Justice Department targets local laws against sleeping in public

Boise, Idaho is one of many, many cities and towns across the nation which have passed laws banning sleeping in parks and other public places. This practice results in the occasional prosecution of the homeless, which is either a bug or a feature depending who you ask. Civil rights activists want to see an end to this practice and now the Obama administration has weighed in on their side. (Huffington Post)

Laws that make it a crime for homeless people to sleep in public places even when there isn’t enough room for them at a shelter unconstitutionally punish the homeless, lawyers for the Obama administration said in a court filing on Thursday.

The federal government took this position against so-called anti-camping laws in an ongoing case against the city of Boise, Idaho, which has enforced ordinances banning sleeping in public spaces and ended up convicting homeless plaintiffs.

Attorneys in the Justice Department’s Civil Rights Division argued that “the conduct of sleeping in a public place is indistinguishable from the status of homelessness” and that it should be “uncontroversial that punishing conduct that is a universal and unavoidable consequence of being human” violates the Eighth Amendment. They noted that “finding a safe and legal place to sleep can be difficult or even impossible” for many homeless people.

Public nuisance laws have been around nearly as long as the nation and I’m fairly sure that they were inherited from other nations before us. Now, that doesn’t mean that they’re “the right thing to do” by default, but we also can’t simply wave them away with a magic wand. Of course in this case a legitimate concern is being raised. Communities have the right to set their own standards for cleanliness and conduct, just as they can determine factors like vertical density and historic or cultural look and feel. If you don’t want your public square occupied by people sleeping under newspapers because it will affect tourism, the quality of life for residents or commerce, that’s generally left to the judgement of government at the local level.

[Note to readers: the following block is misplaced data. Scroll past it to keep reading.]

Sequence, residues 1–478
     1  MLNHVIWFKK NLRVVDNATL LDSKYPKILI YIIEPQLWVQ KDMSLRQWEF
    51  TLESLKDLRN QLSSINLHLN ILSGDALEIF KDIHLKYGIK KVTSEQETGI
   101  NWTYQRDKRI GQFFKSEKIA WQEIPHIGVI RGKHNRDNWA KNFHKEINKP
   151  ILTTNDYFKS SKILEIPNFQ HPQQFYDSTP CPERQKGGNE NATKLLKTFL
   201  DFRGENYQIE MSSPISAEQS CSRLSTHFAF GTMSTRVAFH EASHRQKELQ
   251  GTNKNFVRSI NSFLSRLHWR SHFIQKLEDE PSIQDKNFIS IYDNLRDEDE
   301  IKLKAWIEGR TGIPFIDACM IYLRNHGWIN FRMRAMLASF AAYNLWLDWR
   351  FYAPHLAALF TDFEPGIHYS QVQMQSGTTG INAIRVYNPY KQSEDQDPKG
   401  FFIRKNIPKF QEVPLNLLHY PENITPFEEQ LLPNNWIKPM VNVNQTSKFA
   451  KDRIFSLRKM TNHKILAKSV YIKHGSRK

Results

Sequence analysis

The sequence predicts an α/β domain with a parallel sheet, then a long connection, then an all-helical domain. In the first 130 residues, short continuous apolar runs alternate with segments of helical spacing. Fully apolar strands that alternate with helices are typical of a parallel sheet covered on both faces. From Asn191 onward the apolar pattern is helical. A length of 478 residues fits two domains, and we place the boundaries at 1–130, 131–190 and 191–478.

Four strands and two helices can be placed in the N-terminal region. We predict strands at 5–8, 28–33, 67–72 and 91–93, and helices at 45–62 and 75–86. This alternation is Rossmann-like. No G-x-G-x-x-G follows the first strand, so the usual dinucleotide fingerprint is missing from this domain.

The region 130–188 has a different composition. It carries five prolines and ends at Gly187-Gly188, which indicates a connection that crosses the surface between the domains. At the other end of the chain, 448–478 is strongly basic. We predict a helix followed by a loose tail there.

But homelessness is definitely a problem in most communities and you want to offer whatever help may be possible. How do you balance those competing needs? If there is a homeless shelter available, the question is rather simple to answer. Law enforcement can take public sleepers and determine if they are truly homeless. (If it’s just some drunk who passed out on the way home we’re in completely different territory.) Assuming they are, they can be directed toward or given a lift to the shelter. If they refuse such help and also will not move along, then detaining them may be the only option.

What if the community has no such shelter available? Designated “homeless sleeping areas” is a solution which sounds as if it’s rife with problems. But yet again we see a situation where the answer will be vastly different from one place to the next and top down solutions from the federal level are never the answer.

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